From the October 2019 issue of HealthCare Business News magazine
By Doug Beinborn
Medical device manufacturers continue to create breakthrough technologies that help physicians provide the best possible outcomes to patients and MR-conditional cardio rhythm management devices are no exception.
Medical advancement is always welcome in the healthcare industry for patients and providers alike. The problem arises when reimbursement lags, penalizing providers for choosing advanced devices that often come at a premium price. Here’s why that happens and what hospitals can do to mitigate the pressure to their budgets.
The heart of the matter
In the past, performing MRs on patients with pacemakers and defibrillators raised concerns about the potential to inhibit pacemaker function, trigger rapid pacing or deliver inappropriate shocks, causing patient harm or damage to device components. This meant a patient with a pacemaker or ICD (implantable cardioverter-defibrillator) undergoing an MR scan needed a physician, nurse practitioner or physician assistant with expertise in the space to adjust programming of the device and to monitor the procedure, creating logistical challenges, as well as additional costs, for staff or hospitals being able to provide MR ability and resorting to different imaging modalities. In addition, for hospital systems that don’t have trained staff to reprogram the devices, manufacturer personnel need to be present to change the settings before and after the procedure. It’s a huge burden on health care.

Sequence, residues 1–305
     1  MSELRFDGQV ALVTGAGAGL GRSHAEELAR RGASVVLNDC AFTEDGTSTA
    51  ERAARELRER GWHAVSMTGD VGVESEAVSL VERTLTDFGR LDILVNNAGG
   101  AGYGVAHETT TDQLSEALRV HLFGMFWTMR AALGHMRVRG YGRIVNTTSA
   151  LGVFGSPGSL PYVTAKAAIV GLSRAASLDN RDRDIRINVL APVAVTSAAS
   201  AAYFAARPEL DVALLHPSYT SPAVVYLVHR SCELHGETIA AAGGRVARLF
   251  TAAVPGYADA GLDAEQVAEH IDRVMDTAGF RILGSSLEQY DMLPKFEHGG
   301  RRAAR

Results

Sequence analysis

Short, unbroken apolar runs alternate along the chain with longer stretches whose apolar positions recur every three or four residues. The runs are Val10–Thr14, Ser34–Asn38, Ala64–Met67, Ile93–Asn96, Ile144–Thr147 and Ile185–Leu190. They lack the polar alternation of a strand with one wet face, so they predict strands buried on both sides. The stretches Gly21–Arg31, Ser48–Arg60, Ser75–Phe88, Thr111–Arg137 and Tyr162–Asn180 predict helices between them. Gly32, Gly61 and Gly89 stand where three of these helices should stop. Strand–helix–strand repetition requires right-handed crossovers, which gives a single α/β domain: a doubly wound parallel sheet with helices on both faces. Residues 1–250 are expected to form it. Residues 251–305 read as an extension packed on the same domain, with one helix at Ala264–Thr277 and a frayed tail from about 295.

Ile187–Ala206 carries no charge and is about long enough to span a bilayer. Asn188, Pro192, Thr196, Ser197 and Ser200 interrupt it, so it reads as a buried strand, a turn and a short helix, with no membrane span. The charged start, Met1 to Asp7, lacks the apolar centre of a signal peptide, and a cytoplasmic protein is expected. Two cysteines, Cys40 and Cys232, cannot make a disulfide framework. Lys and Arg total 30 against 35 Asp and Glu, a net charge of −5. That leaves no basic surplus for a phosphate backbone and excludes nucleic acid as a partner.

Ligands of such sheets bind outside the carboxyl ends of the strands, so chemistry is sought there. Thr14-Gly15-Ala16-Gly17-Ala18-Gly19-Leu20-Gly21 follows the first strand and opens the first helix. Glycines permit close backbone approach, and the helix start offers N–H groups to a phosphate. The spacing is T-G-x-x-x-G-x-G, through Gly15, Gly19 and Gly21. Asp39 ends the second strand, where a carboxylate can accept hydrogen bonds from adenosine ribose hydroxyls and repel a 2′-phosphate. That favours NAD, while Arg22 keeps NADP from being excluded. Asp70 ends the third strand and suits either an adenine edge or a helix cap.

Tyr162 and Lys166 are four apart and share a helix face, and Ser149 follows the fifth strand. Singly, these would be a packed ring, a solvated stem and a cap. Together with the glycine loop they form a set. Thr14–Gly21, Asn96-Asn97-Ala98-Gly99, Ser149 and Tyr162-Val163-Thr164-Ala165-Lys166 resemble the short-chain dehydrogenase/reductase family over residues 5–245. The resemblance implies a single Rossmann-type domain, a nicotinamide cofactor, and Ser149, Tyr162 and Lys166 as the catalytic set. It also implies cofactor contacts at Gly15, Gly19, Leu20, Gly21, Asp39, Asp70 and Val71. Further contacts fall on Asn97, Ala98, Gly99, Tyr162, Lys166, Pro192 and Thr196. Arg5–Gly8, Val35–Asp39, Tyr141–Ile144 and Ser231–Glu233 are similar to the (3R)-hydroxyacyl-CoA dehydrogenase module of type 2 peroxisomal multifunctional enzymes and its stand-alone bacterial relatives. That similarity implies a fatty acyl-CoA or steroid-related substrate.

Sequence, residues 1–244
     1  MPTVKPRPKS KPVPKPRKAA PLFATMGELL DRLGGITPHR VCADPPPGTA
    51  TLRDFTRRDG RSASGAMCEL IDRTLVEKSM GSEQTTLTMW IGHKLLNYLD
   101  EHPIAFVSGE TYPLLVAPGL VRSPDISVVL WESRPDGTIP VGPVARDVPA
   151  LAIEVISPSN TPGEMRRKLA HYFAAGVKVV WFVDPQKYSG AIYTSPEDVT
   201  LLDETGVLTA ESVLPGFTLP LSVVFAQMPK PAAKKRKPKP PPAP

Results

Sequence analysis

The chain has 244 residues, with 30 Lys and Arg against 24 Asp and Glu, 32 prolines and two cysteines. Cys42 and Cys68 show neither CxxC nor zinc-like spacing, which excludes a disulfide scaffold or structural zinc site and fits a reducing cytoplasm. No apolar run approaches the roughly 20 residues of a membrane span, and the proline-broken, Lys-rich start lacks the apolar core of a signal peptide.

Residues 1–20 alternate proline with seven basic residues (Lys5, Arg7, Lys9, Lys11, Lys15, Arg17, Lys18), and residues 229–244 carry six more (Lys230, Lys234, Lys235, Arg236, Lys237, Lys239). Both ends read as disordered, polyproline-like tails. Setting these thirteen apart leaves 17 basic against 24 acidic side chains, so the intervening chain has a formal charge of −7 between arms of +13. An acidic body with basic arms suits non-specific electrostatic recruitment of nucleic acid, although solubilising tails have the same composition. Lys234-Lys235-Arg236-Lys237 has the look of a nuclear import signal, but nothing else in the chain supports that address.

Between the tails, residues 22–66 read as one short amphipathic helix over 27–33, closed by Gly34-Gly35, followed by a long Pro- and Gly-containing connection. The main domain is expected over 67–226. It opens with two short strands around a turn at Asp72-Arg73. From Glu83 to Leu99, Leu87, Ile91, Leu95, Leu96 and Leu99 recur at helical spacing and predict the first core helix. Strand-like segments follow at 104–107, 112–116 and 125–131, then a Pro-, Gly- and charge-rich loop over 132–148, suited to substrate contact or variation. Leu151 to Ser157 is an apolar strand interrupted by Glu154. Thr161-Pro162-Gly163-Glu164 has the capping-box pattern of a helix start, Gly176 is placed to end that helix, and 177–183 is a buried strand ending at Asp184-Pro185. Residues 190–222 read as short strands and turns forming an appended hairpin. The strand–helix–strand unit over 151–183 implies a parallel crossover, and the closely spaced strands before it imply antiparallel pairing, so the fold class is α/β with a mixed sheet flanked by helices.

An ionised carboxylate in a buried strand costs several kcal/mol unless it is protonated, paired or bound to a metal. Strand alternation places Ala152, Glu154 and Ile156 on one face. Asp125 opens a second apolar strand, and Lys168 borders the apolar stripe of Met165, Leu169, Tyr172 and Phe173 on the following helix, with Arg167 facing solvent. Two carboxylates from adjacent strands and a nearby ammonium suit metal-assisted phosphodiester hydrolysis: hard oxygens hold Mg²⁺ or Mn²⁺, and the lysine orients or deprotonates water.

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Now, there are MR-conditional (compatible) cardio rhythm management (CRM) devices, such as pacemakers and ICDs that have been approved by the Food and Drug Administration (FDA), which enable patients to undergo MR scans without worry of device malfunction or damage. These new devices are still relatively new to the market and offer a high value to patients and physicians.
Manufacturers view their newer technologies, which alleviate the traditional challenges, as premium devices worthy of premium prices. This is where the reimbursement lag begins.
The Centers for Medicare and Medicaid Services (CMS) has not yet created separate payment categories for these improved devices, and assigns them with the same APC (ambulatory payment classification) and DRG (diagnosis-related group) coding as earlier generation MR- non-conditional (incompatible) devices, leaving hospitals to pick up the tab on the extra cost. Because 87% of patients with pacemakers are 65 years of age or older, according to one epidemiological study, CMS is the main payer in this segment of the market.